We'll lead with a pair of left-handed bats here against the right-handed Lee. Kim is included here despite the fact that he has just one hit in his last four games, as he's typically the team's best bat when he's on his game. His eight homers (putting him on pace for 19) and .308 average are both down slightly from his .331 average and 22 homers last season but are easily enough to justify his second-tier price tag given the matchup. Hong emerged from obscurity to produce a .411 on-base percentage last season and has only gotten better this year. He's gotten on base at a .466 clip this season thanks to a .313 batting average and an 18.3 percent walk rate. Hyung Jong Lee won't get the platoon advantage Saturday but is a strong budget option, especially as he typically bats second in the order, sandwiched between Hong and Kim. He hasn't been at his best this season, with a .241 BABIP keeping his batting average at just .221, but he's coming off a year in which he homered 17 times in just 81 games, so his two-homer day Friday is a very encouraging sign.
Na broke into the league as a catcher, but it's no surprise that the Giants elected to move him to the mound, as he hit just .123/.193/.183 in 416 plate appearances over his first three years in the league. He spent last year learning how to pitch in the Futures League and got to make his pitching debut at the KBO level in early May this season. While he's had more success pitching than he ever had catching, he doesn't appear to be particularly good in his new role, either. Through five starts and four relief appearances, he's struggled to a 5.27 ERA and 1.65 WHIP. A 14:12 K:BB hardly suggests he deserves much better. His last two outings have been quite poor, as he allowed five runs in three innings in both. He could be in line for a similar performance here.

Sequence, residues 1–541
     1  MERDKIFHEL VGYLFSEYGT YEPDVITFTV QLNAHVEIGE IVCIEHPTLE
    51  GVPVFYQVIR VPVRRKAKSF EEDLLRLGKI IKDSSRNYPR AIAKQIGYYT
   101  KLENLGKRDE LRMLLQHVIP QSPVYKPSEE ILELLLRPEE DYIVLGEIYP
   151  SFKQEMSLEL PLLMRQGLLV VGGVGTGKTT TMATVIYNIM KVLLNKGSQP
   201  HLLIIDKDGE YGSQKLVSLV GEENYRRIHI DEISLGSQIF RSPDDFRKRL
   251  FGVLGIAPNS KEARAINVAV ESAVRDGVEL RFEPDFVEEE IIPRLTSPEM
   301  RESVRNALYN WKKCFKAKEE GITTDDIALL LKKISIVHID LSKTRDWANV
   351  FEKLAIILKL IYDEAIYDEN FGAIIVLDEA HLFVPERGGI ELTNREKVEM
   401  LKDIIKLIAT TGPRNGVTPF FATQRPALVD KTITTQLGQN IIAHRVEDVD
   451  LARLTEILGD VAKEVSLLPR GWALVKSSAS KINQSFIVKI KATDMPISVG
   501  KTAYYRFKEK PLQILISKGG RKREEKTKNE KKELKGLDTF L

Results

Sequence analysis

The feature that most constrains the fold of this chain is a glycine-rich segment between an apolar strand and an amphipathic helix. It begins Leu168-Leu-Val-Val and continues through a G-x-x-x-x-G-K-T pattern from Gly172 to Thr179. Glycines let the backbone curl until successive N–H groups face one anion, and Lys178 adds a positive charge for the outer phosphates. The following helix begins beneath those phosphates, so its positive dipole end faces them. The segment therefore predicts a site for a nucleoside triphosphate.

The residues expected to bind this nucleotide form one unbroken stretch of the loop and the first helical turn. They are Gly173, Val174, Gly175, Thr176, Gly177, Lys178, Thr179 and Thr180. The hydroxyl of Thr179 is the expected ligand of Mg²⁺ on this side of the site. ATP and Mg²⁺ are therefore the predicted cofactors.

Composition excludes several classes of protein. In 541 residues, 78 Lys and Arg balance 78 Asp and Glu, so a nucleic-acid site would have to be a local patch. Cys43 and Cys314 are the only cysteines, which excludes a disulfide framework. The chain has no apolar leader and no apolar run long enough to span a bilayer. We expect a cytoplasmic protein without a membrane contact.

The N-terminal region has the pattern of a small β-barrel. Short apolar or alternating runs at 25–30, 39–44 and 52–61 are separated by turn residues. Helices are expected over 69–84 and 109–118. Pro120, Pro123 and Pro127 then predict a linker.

The stack listed here features a trio of lefties against the struggling righty, skipping the excellent but expensive Jose Pirela ($6,000) for budget reasons, though Pirela is certainly worth a look for those with money to spare. Koo is certainly capable of leading a stack on his own now that he's back from an extended slump. His 1.004 OPS over his first 30 games was followed by a .423 OPS over his next 20, but he's now riding a seven-game hitting streak, homering three times over that stretch. Oh continues to enjoy his time as a Lion after a long and successful career as a Bear. His .921 OPS is his best mark since 2017, while his nine homers in 40 games are the equivalent of a would-be career-high 32 over a full season. Leadoff man Park doesn't have the same pop in his bat but sets the table well for the likes of Pirela, Koo and Oh. He owns a .377 on-base percentage this season and has boosted his fantasy value with 21 steals, the second-best mark in the league.